The shelf space below Ro's jars is decorated with Old Man's amber glass bottles.  There is also a half glazed amber vase into which I stuck some pink blossoms. More smiles. 



The last thing  I placed on that shelf between two of my plates was Teresa's clay jar , a traditional rustic jar from a set of four which were all handmade by her and which she had very generously gifted to me when I was in Spain visiting  Eva.


By the time I stood back to look at what I had done, I was incapable of feeling anything but happy and satisfied. The last of Old Man's odds and ends, unified by their links to all things garden,  neatly lined up. My shelves against his red wall, my imperfect paintings on his plates, the wild harvest in his jars. My memories, his keepsakes. 

In that instant, I saw it, the fruition of our great collaboration, that of the Old Man and me. 

I cannot explain the heightened emotional state that came over me after that. My eyes welled up and I started to tear. I thought of how far I have come in these past months working on this house, guided  by the Old Man through his journals, passions, the house he had built. All the things I found myself doing, things I didn't think I was capable of.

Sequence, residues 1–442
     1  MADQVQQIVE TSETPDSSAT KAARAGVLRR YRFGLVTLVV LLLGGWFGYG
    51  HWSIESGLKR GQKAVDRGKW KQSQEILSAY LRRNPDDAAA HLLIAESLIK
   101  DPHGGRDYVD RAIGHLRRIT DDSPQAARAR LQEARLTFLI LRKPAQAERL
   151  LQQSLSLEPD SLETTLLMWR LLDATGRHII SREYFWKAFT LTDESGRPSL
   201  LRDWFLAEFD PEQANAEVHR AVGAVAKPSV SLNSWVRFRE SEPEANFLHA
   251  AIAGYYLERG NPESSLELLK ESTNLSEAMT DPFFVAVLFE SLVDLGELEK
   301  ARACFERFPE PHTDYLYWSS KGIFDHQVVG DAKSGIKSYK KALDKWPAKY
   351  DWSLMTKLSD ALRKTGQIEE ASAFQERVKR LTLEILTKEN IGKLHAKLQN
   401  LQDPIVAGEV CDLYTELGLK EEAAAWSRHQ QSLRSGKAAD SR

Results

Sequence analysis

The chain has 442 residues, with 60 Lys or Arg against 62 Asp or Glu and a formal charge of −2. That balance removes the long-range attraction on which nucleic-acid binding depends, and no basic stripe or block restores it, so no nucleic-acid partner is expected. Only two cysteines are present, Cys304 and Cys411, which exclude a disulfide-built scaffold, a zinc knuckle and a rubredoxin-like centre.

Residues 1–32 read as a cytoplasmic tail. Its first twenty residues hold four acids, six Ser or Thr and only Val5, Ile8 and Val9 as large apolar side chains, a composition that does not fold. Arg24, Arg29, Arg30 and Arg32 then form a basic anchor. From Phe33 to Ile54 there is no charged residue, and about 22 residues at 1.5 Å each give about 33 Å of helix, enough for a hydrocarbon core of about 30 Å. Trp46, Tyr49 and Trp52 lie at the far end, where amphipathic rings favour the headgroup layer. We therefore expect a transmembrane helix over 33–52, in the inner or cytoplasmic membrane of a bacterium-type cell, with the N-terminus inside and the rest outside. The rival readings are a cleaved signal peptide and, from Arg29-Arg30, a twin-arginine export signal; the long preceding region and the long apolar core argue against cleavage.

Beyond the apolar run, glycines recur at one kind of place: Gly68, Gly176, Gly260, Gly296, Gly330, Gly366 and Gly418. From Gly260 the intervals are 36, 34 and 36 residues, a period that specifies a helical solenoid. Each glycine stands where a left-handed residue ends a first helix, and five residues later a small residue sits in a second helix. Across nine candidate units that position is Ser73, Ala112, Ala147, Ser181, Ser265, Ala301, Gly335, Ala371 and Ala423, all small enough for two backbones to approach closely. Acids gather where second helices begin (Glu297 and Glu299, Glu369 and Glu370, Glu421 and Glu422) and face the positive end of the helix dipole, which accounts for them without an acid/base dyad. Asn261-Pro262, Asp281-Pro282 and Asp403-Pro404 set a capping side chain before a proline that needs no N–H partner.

It really is that simple, isn't it? If you try, you can and if you can, you will. The Old Man has pointed me to the right direction and now, it is up to me to see how far I can go. And I definitely intend to keep going further . There's no stopping me now.

Saturday, 6 July 2013

Day 396- Wildcrafting


One of the things I really enjoyed doing around the abandoned house is wildcrafting. It is the harvesting of plants in their natural or wild habitat. Armed with a couple of Old Man's botany note books and a basket, I  could spend hours examining an unusual flower or plucking leaves or digging through for roots. 


I have found flowers that will bloom in a cup of hot water, making the most fragrant tea.



 Giant dandelion tops and roots that make good food and medicine.




And of course, my favourite kind, plants that give great colour for dyes and paints.




After harvesting, I'd bring them back into the abandoned house for drying. They are then stored in glass jars which I placed in a row right next to the sacks of seedlings. 


Old and new, side by side. 
I thought they make perfect companions for each other.